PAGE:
Bankers and stockbrokers get to enjoy a more upmarket incarnation of the off-price retailer, with labels such as Chloé and Versace at bargain prices.
There are those who regard a trip to TK Maxx as something akin to a hunt - an expedition to track down designer labels and get them at a fraction of the price you might expect to pay elsewhere. There are however some who view a visit to the retailer as not unlike heading off to one of the inner rings of Dante’s Inferno - quite literally hell on earth.
Whatever your view, if you haven’t been to a TK Maxx of late, a quick shimmy down to the new branch on Gracechurch Street in the City of London might do much to change your opinion of the retailer. This is the latest in a series of trials by TK Maxx, with other experiments in places as far afield as the MetroCentre in Gateshead and Warsaw in Poland.
But the point about this one is that it’s for time-serving City folk who tend to start early and - or so they claim - have less free time than the rest of us. They also have rather more disposable income than the average person in, say, Gateshead. All of which means that this branch is open for business at 7.30am and carries ranges that, at the moment at least, you wouldn’t anticipate on a visit to your local TK Maxx. This is an upscale flagship but it remains true to the retailer’s principles, so the stock changes constantly and heavy discounts against standard pricing are, well, standard.
Merchandise and key looks
You know what you’re in for when you walk into a TK Maxx: brands, brands and yet more brands. You’ll know some of them, but by no means all, and there may even be a mild suspicion that some of what’s on view is a collection of labels that have rather more to do with a manufacturer struggling to be a brand than the fully fledged, genuine article.
If you want to know the truth about brands in the Gracechurch Street TK Maxx, then it’s likely to be pants. Men’s boxer briefs more exactly - all stacked on a gondola at the back of the menswear department in the basement. Here the list of high-profile brands seems almost endless, with the inevitable Calvin Kleins being in good company with DKNY, Ted Baker, D&G, Pringle and Ben Sherman, among others. Prices range from £5.99 for a twin pack of Jeff Banks smalls, to £10.99 for more or less the same thing if you want to wear D&G.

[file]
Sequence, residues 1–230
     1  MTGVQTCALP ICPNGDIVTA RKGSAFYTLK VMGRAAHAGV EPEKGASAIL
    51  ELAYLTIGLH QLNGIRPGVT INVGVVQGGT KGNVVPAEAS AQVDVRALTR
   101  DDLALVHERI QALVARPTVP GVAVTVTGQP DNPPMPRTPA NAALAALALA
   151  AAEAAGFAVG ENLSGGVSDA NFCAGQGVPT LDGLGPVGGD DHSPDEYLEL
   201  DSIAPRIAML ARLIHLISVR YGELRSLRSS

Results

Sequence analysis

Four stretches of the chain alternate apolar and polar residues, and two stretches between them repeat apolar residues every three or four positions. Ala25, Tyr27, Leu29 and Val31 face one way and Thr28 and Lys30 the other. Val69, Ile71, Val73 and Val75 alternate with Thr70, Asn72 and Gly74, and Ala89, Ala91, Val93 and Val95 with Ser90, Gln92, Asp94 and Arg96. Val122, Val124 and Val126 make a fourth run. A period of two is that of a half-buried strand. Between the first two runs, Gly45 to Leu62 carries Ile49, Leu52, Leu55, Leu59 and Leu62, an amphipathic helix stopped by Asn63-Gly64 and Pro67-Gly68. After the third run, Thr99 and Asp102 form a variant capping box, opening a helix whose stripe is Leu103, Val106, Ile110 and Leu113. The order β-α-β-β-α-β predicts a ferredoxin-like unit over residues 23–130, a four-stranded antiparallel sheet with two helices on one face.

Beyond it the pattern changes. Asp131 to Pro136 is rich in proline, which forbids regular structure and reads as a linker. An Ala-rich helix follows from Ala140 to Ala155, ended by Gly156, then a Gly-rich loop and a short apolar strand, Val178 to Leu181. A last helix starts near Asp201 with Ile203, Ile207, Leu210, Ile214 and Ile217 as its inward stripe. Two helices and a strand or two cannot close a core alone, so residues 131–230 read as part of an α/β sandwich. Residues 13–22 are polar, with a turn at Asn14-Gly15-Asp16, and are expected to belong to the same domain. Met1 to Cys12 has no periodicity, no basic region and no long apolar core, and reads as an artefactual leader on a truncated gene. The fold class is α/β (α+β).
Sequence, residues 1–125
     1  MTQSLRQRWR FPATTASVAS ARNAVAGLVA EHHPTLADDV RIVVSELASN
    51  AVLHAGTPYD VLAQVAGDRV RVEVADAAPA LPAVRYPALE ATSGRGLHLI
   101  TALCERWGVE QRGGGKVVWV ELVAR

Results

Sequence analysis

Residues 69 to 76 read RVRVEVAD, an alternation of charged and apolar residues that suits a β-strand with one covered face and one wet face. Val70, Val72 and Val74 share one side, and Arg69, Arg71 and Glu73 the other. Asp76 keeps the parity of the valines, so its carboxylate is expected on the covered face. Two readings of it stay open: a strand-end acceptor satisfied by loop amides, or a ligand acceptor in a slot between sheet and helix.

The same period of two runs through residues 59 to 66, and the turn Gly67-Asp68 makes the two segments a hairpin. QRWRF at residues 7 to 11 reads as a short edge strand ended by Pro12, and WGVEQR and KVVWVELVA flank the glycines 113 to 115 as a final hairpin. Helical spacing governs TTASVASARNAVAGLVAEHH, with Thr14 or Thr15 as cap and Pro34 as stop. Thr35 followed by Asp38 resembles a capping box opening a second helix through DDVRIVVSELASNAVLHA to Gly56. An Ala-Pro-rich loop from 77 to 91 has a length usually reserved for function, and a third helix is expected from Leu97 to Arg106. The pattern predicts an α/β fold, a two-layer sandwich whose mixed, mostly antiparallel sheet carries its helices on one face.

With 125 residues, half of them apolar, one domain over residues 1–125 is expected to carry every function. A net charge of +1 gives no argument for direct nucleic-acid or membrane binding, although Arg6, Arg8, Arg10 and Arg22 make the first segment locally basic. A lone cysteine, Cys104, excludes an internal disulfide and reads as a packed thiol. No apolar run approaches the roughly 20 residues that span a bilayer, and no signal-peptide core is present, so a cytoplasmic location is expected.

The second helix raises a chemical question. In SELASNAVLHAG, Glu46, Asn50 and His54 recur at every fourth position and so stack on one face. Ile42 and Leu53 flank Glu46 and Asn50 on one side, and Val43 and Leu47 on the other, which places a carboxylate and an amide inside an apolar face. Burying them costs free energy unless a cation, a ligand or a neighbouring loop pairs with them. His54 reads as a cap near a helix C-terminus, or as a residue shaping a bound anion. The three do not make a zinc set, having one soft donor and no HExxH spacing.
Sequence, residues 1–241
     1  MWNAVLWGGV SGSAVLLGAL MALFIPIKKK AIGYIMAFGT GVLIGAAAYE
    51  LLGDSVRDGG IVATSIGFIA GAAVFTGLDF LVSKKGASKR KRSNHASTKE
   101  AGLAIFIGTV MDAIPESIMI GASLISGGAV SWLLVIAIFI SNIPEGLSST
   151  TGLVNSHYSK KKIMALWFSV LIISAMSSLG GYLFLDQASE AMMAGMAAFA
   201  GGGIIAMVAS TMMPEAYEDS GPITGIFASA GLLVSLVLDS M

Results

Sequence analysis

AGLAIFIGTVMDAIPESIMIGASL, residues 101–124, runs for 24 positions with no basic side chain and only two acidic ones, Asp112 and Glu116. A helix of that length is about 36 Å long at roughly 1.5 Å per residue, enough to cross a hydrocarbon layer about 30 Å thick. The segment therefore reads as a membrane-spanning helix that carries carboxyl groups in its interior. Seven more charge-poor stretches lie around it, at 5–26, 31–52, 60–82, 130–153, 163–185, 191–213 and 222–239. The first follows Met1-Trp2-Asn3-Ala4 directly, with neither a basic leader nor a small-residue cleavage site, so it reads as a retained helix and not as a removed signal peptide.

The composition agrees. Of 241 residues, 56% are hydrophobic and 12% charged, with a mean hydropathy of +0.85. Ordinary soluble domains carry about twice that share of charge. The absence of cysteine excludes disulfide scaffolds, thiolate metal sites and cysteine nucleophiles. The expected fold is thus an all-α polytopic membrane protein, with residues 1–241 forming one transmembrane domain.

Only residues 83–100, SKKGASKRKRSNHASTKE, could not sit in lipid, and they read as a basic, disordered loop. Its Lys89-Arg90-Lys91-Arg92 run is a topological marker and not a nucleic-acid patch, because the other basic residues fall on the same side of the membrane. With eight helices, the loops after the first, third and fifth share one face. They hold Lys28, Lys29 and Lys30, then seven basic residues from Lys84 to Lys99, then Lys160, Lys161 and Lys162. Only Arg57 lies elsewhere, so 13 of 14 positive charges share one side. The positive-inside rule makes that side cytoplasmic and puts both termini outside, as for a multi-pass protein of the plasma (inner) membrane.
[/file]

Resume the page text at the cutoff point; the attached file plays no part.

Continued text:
The reason for mentioning this is that it sets the tone for the rest of the store in terms of the upscale nature of the offer. This is confirmed when you head upstairs to look at womenswear. The most obvious examples are just inside the front door where the ‘Gold Label’ merchandise is situated. So if you want a bag by Chloé, it can be yours for 1p less than £500. Alternatively, you might opt for a Versace dress or another D&G number if the mood takes. This store is about labels you do know and would want to buy. It’s impressive.
When you think about it, making much of rails of assorted and generally unrelated merchandise is a tall order for anybody, even a talented visual merchandiser. Yet everything is well organised and this doesn’t feel like a jumble sale, which has certainly been the case with TK Maxx in the past.
Instead, the women’s beauty and accessories area, for instance, is well-ordered and making a selection is straightforward. The other point is that this is a store that affords you room to move.
The retailer has avoided the obvious temptation to cram the floor with merchandise and perhaps the generally higher ticket prices than in some other branches may have made this rather more straightforward than would otherwise be the case.
Couple all of this with a good-looking graphics package and this is that rare beast, a value-based store that is a pleasure to walk around.
The whole premise of TK Maxx is that when you visit you get stuck in - getting on with the business of grabbing yourself a bargain. As such, service would seem to play second fiddle to the ability to select and find where things are with ease. Actually, if you do need help in this store, the staff are on hand, smiling and ready to point you in the direction of that Chloé bag.
It won’t come as a massive surprise that the previous tenant of this large space was a bank. Yet all traces of the financial past have been wiped clean and this is a large, airy, two-floor space, accessed by a staircase from a smaller area at the front of the store where the accessories and beauty range is housed.
And care has been taken to soften the feeling of being in a value environment, ranging from the club-style leather armchairs dotted around both floors, to the faux-wooden floors and wood-veneer cladding around the perimeter walls. Signage is clear and easy to follow, taking the form of transparent plates bolted to the walls bearing white lower case lettering.
It’s a warm and friendly interior and even the stone cladding that adorns the wall next to the staircase leading to the basement feels as if it has been carefully thought about.
This may be a modular shopfit that is on trial, but it is welcoming and best in class.
Would I buy?
Yes, certainly, and I never really felt that about TK Maxx prior to writing this review. There are sufficient brands, in sufficient depth and contained within an appealing environment, to ensure potential customers give this one the benefit of the doubt and indulge in a little browsing. If they do, it seems pretty likely they will see something they want.
TK Maxx has opened a shop that represents a move away from what most people might expect when they walk into one of its stores. Equally impressive is how the store design has been created in modular fashion. Expect to see something like this in a town near you soon.
Address Gracechurch Street, London EC3
Most striking feature The stone wall facing the staircase
Most striking piece of merchandise A Chloé handbag
Reason for visiting A strong range of desirable labels
Other new-look TK Maxx stores Gateshead MetroCentre and Warsaw in Poland